I have gotten that question too…and about having a kid in veterinary school. I think it helps keep school in perspective. Yes, school is very important and we have to do well, but no school is not our whole lives, and sometimes there are things that will always take precedence over studying and school, such as having some much needed family time, and staying at home with a sick child. We have things to look forward to everyday outside of school, mainly going home to a family. And, if people think that you get less busy once school ends, I have been told they are wrong. You always stay busy, and so why put your “life” on hold just because of school? We wanted to get married b/c we had found the men of our dreams, and I wanted to be a young mom. I am a vet student, but I am also a wife, a mother, a daughter, a friend, etc. and school may change that for some people, but for us it can’t…or we will hear about it, especially from our husbands. Don’t feel guilty, just be grateful you have such a great and supportive husband.

  3. serend1p1ty says:

    Hi! I find your blog absolutely inspiring [: question, now that you have finished your first year in medical school and are in your second year, do you feel like you now have found a balance between marriage and med school?

    • emilyehoward says:

      Haha…good question. Yes and no. I have adapted somewhat this year. I study at home all the time now, so my husband is a little less isolated, but we still don’t get a lot of quality time together. It is always a struggle for us, and I am still trying to find a good balance. The last few weeks have been especially hard, as this block has a lot of material, and I feel very behind, but I am taking the night off to spend time with my husband. My grades might suffer a little, but sometimes you have to do things like that. I read an article the other day from a doctor who said something like “by choice, my family comes second.” How sad is that? My family will always come first, but it is easy to lose sight of that. I try to keep my priorities straight, but it isn’t always easy. So, I guess you could say we are still a work in progress. Glad you like my blog!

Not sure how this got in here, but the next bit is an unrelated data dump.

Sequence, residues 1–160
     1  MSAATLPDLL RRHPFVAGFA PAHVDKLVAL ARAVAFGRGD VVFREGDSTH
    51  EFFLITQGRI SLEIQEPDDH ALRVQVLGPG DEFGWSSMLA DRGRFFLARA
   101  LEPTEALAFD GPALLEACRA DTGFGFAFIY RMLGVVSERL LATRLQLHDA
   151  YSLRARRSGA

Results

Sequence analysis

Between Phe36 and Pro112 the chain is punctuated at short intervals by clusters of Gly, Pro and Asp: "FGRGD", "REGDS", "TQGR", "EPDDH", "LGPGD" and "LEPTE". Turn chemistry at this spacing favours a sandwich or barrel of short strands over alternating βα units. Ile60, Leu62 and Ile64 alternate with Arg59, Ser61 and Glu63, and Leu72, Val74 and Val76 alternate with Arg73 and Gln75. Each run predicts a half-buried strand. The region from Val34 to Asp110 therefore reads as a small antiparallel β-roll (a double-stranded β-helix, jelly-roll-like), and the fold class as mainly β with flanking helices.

• serend1p1ty says:

        Very well said! You’re definitely an inspiration as I work my way towards medical school. I’ve been worrying about the gap years and how that would affect having a family, but I’m glad to see that it can work if your heart’s in it – I also am considering osteopathic medicine as well – did you only apply to osteopathic schools? If so, what inspired you? Sorry for all the questions, but thanks again for all of the information!

      • emilyehoward says:

        Oh, I love questions! And i am always happy to help! I applied first to allopathic schools and didn’t have much luck. I didn’t get accepted anywhere, and I learned that the osteopathic deadlines were later and I could still apply. Up until that point I didn’t know anything about Osteopathy, but once I looked into it, it just felt right. I applied kind of late, so I got wait-listed. Then the next year I made a decision to only apply to osteopathic schools. I liked the philosophy of focusing on wellness and not just eradicating disease. I love the whole-person approach and the integration of humanities, etc, etc. I also thought I would have more success with the application process. You can call it whatever you like, but Osteopathic schools are a lot less focused on grades. They tend to look more at your motivation and your interests, and they really want people who want to be good doctors and go into primary care. And I definitely made the right decision for me. There are really great allopathic schools, too. I think it is just about what you want. I love my school, and I am glad to be a D.O., but I know it isn’t for everybody! Just let me know if you have any more questions!

  4. Isiah Duggan says: